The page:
TORONTO — At 3:30 p.m. Friday afternoon at Rogers Centre, Blue Jays first baseman Chris Colabello asked his entire team to meet him in the clubhouse. He wanted to tell them himself that he’d tested positive for dehydrochlormethyltestosterone, an anabolic steroid, and been suspended by Major League Baseball for 80 games.
Blue Jays players were shocked to hear the news, and many were still coming to grips with what they’d just learned as media filed into the clubhouse following the meeting. Blue Jays catcher Russell Martin walked into the meeting a few minutes late and caught the end of Colabello’s emotional speech.
“He looked like he was blindsided by it,” Martin said. “It’s a tough situation. I just gave him a hug.”
According to a statement Colabello released through the MLB Players Association, the 32-year-old first learned of the positive test on March 13, right in the heart of spring training. In the statement, Colabello says he’s spent “every waking moment since that day” trying to determine how the substance found its way into his urine sample.
“The only thing I know is that I would never compromise the integrity of the game of baseball. I love this game too much,” Colabello said in the statement. “I hope that before anyone passes judgment on me they can take a look at the man that I am, and everything that I have done to get to where I am in my career.”
Blue Jays general manager Ross Atkins found out about the positive test Friday morning at 9:30 a.m. and met with Colabello shortly thereafter. He said the first baseman was emotional and disappointed.
“It’s obviously a very difficult situation. My initial reaction was empathy and extreme disappointment. The combination of the two because of what it means for our team and what it means for him,” Atkins said. “Chris is a remarkable person. So it’s something that was extremely difficult for him and extremely emotional. He was very concerned about what it means for him moving forward. Mostly what he expressed is how much he feels disappointed for the team.”
There are no rules that bar Colabello from being with the Blue Jays over the course of his 80-day suspension, but Atkins said it was likely that Colabello would go to the team’s facility in Dunedin, Fla., to work out and maintain his conditioning in hopes of returning to the field later this season. Colabello will be eligible to begin a 10-game rehab assignment near the end of his suspension.
However, according to the MLB’s joint drug prevention and treatment program, “any player who is suspended for a violation … involving a performance enhancing substance shall be barred from participating in the post-season (including, without limitation, being in uniform during his club’s post-season games) during the season in which his suspension commenced even after completion of his suspension.”
Essentially, Colabello could officially return to the Blue Jays or one of their minor league affiliates in late July, but he wouldn’t be eligible to be with the team if they made the playoffs.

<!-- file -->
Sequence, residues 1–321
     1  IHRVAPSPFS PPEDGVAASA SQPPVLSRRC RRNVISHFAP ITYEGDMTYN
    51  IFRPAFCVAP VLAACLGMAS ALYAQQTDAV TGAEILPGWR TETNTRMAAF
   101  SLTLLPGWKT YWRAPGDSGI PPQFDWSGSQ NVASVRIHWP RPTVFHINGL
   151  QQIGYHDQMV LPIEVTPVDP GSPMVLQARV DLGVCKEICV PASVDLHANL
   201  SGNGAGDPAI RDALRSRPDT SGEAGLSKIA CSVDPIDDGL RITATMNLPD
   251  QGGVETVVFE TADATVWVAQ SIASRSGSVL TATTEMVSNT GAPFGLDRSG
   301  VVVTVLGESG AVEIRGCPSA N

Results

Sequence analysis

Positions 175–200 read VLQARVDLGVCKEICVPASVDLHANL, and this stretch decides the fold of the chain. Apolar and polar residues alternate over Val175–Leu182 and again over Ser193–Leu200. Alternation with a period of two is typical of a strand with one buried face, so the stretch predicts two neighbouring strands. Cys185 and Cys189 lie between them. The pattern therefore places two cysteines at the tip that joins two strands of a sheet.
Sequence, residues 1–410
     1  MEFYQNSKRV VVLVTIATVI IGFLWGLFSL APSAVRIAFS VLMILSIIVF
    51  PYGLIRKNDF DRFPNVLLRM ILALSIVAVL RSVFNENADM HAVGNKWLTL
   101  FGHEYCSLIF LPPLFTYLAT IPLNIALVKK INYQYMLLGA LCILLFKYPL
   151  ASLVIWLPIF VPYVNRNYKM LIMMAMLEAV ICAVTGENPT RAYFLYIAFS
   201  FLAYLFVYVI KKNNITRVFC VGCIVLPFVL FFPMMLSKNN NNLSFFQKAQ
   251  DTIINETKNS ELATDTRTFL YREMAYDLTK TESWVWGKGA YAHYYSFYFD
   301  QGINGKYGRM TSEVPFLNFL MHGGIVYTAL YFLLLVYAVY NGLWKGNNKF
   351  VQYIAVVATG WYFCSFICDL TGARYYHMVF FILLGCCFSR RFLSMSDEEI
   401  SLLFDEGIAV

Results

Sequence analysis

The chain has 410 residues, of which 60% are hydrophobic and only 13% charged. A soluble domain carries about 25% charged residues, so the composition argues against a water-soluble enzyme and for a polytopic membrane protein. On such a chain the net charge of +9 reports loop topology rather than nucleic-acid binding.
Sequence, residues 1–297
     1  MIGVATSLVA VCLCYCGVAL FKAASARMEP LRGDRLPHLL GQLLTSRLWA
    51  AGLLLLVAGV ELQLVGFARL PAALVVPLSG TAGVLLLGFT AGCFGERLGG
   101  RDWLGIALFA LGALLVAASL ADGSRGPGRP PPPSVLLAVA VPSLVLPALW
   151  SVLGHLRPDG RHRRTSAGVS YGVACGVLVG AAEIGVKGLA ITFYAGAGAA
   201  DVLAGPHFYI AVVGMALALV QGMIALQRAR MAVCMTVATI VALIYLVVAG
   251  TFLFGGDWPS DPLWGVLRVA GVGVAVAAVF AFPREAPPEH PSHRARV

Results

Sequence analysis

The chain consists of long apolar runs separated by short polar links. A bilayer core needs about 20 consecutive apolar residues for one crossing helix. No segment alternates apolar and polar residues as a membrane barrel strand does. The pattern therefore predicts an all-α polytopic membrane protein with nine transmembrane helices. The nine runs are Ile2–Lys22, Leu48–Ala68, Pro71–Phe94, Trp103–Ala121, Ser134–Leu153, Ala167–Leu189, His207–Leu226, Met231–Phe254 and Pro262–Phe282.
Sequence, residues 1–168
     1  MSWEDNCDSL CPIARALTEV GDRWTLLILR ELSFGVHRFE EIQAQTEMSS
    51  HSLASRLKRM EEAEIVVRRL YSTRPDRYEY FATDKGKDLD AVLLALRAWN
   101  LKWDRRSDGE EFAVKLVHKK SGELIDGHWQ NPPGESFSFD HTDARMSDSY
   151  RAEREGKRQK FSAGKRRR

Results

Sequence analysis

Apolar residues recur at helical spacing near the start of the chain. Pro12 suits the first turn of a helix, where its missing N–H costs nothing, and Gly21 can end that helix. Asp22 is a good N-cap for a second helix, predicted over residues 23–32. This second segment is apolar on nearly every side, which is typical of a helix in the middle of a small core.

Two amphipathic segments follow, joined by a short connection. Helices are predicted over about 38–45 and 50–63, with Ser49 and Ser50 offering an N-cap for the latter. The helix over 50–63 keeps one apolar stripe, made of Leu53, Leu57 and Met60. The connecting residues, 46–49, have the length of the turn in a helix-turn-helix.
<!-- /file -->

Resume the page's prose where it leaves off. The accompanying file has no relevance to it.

“We’ll support him through this and work towards helping him through this. We support the program obviously and respect the program that’s in place. But we absolutely see him as a part of this organization,” Atkins said. “He’ll be more than welcome at our facilities.”
Many Blue Jays seemed completely shocked by the news they received Friday afternoon, but one who wasn’t was centre-fielder Kevin Pillar, one of Colabello’s closest friends on the team. He says Colabello told him about the positive test shortly after it happened, and kept him informed as he went through an appeal process. Pillar was adamant that his teammate hadn’t willingly done anything against the rules.
“This is a guy that got caught up in a flawed system,” Pillar said. “He fell victim to a technicality in the system. And I think that the drug testing policy and Major League Baseball are going to have some soul searching to do and they’re going to have to figure something out.
“Being around Chris, I know how careful he is with the supplements he takes,” Pillar continued. “He’s a guy who travels with his own stuff. He doesn’t go to a smoothie place and ask for the protein. He provides his own. It’s shocking.”
Pillar was drug tested shortly before the Blue Jays began a road trip last week, and said that—with Colabello’s experience in mind—it was the first time he’d been nervous while providing a urine sample. Pillar also suggested that Colabello’s appeal wasn’t handled appropriately, and that the Blue Jays first baseman was in contact with other athletes who had been suspended under similar circumstances to learn from their experiences.
“I’ve never been in that room, but just from his mouth, it doesn’t seem like it’s a system that’s pro-player. His story was heard, but I don’t know if the message was really delivered or his testimonies were heard. But they made their decision,” Pillar said. “We’re not talking about a couple of games here. We’re talking about a person’s integrity. A person’s career. He’s not exactly the youngest guy around either. These are all things that concern him—that this might be the end of baseball for him.”
After playing seven years of independent baseball in his early and mid-20s, Colabello reached the majors with the Minnesota Twins in 2013, at the age of 29. The Blue Jays claimed him off waivers in December, 2014 and watched as Colabello became a lynchpin of the team’s AL East winning lineup in 2015, batting .321/.367/.520 with 15 homers in 101 games.
Blue Jays manager John Gibbons said he learned the news when everyone else did, just before batting practice Friday afternoon.
“Yeah, I’m disappointed it happened. But I’ve got a special bond with the kid, you know? I was the manager here when he made it. He’s a unique guy, he really is,” Gibbons said. “This hurts me just like it hurts him, because I love the guy. He’s beloved out there in that clubhouse.”